Ithaca is worlds away from Los Angeles. The distance is actually about 2,661 miles via (“the” — for us Californians) I-80 E. But, instead of gorges with snow caressed around their curves and students woven in the frost of winter, it is a land of desires and disillusionment where performers wait for post-pandemic days when the decrepit nightclubs nestled on the boulevards won’t just be old haunts. Yet, Los Angeles native Phoebe Bridgers manages to amalgamate these two worlds.
The 26-year-old, who has earned four 2021 Grammy Awards nominations, released her second solo album Punisher in June and launched her label Saddest Factory Records in October. Presented by the Cornell Concert Commission, she performed virtually for students with an opening performance by Chicago singer-songwriter Andrew Belle last night.
In contrast to her Saturday Night Live performance last weekend, where she was accompanied by her band and her on-stage antics included smashing her guitar into an amp, the virtual performance took place with her sitting in a dark wood-paneled room, described by Bridgers as her “cave.” Clad in her skeleton onesie and accompanied by three acoustic guitars, her music was sad — sad like being haunted by suppressed memories once suffocated into near obsolescence, all met with an indie rock hum delicately wailing from her acoustic guitar.
Opening the setlist — composed of eight songs spanning across her catalog from her work as a solo artist and with band Boygenius — with song “Kyoto” off her most recent solo album, almost 500 students flooded the Zoom comments section with utter admiration and odd remarks to Bridgers. Minimally addressing students in the lull between songs at the beginning — such as quickly saying how she was going to get the saddest songs out early before playing “Moon Song” — Bridgers grew to speak more about the origins of each subsequent song.
She later joked about always double fisting oat milk lattes and water, and recounted her weird occurrence with someone wearing Birkenstocks when she visited Cornell’s campus. Throughout the rest of the performance, there would be moments mid-song where she would change her glance from near the neck of her guitar to look at the screen and grin, noting that it was tough to not look at the chat.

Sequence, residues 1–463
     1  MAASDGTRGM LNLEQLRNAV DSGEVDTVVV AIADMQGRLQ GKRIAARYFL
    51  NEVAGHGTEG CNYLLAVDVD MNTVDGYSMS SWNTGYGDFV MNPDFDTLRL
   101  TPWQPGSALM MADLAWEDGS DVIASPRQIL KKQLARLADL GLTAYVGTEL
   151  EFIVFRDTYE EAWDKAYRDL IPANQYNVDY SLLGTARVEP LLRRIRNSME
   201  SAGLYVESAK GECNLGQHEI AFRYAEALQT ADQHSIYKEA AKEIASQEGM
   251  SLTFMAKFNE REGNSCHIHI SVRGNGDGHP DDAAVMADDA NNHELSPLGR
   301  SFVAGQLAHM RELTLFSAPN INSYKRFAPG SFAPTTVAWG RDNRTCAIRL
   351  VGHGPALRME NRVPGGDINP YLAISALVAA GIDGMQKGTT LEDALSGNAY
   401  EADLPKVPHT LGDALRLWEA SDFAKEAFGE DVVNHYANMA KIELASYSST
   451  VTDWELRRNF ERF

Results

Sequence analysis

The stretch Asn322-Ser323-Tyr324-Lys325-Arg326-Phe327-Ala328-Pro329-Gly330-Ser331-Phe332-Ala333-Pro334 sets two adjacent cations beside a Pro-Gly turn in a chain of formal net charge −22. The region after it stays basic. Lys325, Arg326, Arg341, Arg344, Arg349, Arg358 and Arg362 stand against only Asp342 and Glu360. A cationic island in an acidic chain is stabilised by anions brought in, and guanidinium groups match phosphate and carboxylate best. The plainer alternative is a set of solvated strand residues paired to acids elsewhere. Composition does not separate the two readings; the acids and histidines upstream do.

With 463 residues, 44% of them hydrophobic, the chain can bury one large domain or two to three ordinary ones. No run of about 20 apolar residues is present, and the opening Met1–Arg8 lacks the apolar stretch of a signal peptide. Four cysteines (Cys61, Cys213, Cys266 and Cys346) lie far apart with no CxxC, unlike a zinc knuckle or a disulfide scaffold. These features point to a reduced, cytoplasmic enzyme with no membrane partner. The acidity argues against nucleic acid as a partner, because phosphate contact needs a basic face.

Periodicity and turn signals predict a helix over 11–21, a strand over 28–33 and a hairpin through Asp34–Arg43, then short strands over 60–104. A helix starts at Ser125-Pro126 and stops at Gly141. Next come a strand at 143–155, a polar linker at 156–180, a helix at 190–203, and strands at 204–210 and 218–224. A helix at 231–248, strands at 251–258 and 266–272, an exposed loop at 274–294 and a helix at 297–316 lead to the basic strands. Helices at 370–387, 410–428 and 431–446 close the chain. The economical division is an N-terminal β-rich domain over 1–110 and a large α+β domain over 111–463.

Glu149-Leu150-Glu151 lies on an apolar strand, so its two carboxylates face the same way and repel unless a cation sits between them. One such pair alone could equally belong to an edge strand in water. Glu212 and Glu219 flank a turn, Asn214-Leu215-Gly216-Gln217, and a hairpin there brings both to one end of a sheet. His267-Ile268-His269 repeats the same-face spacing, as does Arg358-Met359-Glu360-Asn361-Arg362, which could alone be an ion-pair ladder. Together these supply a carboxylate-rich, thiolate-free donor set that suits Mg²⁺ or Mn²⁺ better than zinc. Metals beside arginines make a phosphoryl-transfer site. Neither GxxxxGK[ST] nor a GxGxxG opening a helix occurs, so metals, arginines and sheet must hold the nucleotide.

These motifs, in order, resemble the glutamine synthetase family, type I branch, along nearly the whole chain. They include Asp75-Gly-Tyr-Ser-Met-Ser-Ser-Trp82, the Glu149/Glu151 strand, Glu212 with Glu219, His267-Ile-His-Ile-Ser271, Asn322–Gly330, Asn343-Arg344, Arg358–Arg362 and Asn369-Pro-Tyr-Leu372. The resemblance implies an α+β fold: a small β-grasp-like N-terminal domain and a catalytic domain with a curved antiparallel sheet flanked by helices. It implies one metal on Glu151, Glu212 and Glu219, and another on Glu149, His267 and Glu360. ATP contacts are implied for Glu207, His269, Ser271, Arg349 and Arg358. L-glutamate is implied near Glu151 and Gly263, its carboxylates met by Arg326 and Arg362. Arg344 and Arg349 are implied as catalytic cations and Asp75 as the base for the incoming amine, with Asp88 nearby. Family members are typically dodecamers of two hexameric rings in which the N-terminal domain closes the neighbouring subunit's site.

Bridgers opted to play a song from one of her collaborations – Boygenius’ “Me & My Dog” off their 2018 self-titled EP. Joking that she normally screams when she performs that song, she estimated that while 80% of the time she can successfully scream, the other 20% she sounds more like she is yodeling. She told the audience how the next song was not yet released and that she liked trying out new material in performance settings. The caveat was that no one could record (even though recording wasn’t allowed during any part of the performance) because she didn’t want to see lyrics on the internet that weren’t right yet.
The set closed with songs “I Know the End” and “Motion Sickness” before opening the Q&A session. When students registered online to attend the virtual performance, they were able to ask questions which were later presented to Bridgers by CCC executive board members, Jenn Muson and Miles Greenblatt. The conversation drifted between what Elliot Smith deep cuts she’s been listening to, her changed Instagram username and the ways in which COVID-19 has altered how she collaborates with other artists. She ended the night with telling the audience that she disappointedly was unable to show her dog on screen because her mom was babysitting it in fear that it would yodel while she was performing.
Despite her growing fame with the Grammy nominations, influx of late-night television performances and front-cover publications, she’s not going to sell out. There’s no chance. She’ll always be Phoebe. And, students will remember her sitting in her cave, singing sad songs, making blunt remarks and coping with life with dark humor after this intimate performance.
Ashley Ramynke is a junior in the College of Arts and Sciences. She can be reached at email@example.com.